Since they’re relatively rare, you’ll likely have to pay a bit extra for lion’s mane mushrooms. But they’re worth the added expense, particularly if you use them to make vegan “fish” tacos. 

How can mushrooms help with blood sugar? 

There’s no question that mushrooms can have health benefits for just about anyone who wants to try them. However, there’s also no shortage of perks associated with eating mushrooms for diabetes specifically. Here are some reasons to add mushrooms to your meal plan.: 

Low glycemic index/load 

It’s easy to confuse the concepts of “glycemic index” and “glycemic load.” Still, both systems are meant to explain how different foods can affect blood sugar. No matter which system you use, mushrooms are an impressive option. A one-cup serving has a glycemic index of less than 1; at the same time, mushrooms have a “low” glycemic index of 10-15. 

Anti-diabetic properties 

Science suggests that the diabetes-related health benefits tied to mushroom consumption go beyond their low amounts of glucose. Mushrooms are also jam-packed with compounds called “polysaccharides.” So far, research on these components in animals with type 2 diabetes suggests they could: 

  • Lower blood sugar 
  • Reduce blood cholesterol 
  • Improve insulin resistance 
  • Help with pancreatic tissue damage 

Manage glucose levels with mushrooms – and supplies 

Maybe you’ve been eating mushrooms for years, or perhaps you’ve just heard about how they can make life with diabetes more manageable. Either way, there’s no denying that these morsels can be a healthy part of any healthy meal plan t. That’s true thanks to their polysaccharide (fiber) content, minimal glycemic load, and general health benefits. 

Of course, even if you have good reasons for asking “are mushrooms good for diabetes?” your diabetes management strategy shouldn’t rely on a single dietary choice. Instead, it’s a good idea to add mushrooms to a broader healthy diet created with input from your diabetes healthcare team. You’ll also need access to supplies like continuous glucose monitors, insulin pumps, and diabetes testing supplies to keep your diabetes under control. Make sure you’re getting these supplies from a reliable company like US MED.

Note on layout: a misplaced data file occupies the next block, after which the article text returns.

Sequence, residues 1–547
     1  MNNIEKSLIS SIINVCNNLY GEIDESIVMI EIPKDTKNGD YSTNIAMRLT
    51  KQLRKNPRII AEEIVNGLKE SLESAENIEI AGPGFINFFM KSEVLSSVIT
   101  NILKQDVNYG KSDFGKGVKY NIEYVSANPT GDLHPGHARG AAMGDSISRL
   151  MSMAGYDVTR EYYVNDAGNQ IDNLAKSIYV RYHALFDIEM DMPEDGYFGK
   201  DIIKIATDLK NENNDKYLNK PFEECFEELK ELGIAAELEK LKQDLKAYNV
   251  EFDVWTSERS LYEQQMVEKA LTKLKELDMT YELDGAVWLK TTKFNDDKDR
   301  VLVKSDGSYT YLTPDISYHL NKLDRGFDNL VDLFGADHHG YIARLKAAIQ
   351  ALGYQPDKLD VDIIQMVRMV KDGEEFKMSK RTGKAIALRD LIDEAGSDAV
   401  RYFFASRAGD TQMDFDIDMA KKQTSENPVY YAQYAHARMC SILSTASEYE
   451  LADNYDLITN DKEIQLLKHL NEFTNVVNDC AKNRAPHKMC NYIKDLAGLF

Frequently asked questions 

Are mushrooms good for people with diabetes? 

Mushrooms are a fantastic culinary choice for almost anyone, people with diabetes included. They have a glycemic index in the 10-15 range and high amounts of polysaccharides (compounds believed to assist in blood sugar management). 

Do mushrooms help diabetes? 

The diabetes-mushrooms connection is still being investigated from a scientific perspective, but early findings are promising. What we know right now is that mushrooms are packed with nutrients and have a glycemic index of less than 1. 

Do mushrooms reduce blood sugar? 

Preliminary research suggests that the polysaccharides found in mushrooms could contribute to lowering blood sugar. Along with that, mushrooms have a low glycemic load and are highly nutritious. 

Shirley DeLeon Certified Diabetes Care & Education Specialist

Medical Review by Shirley DeLeon, Certified Diabetes Care and Education Specialist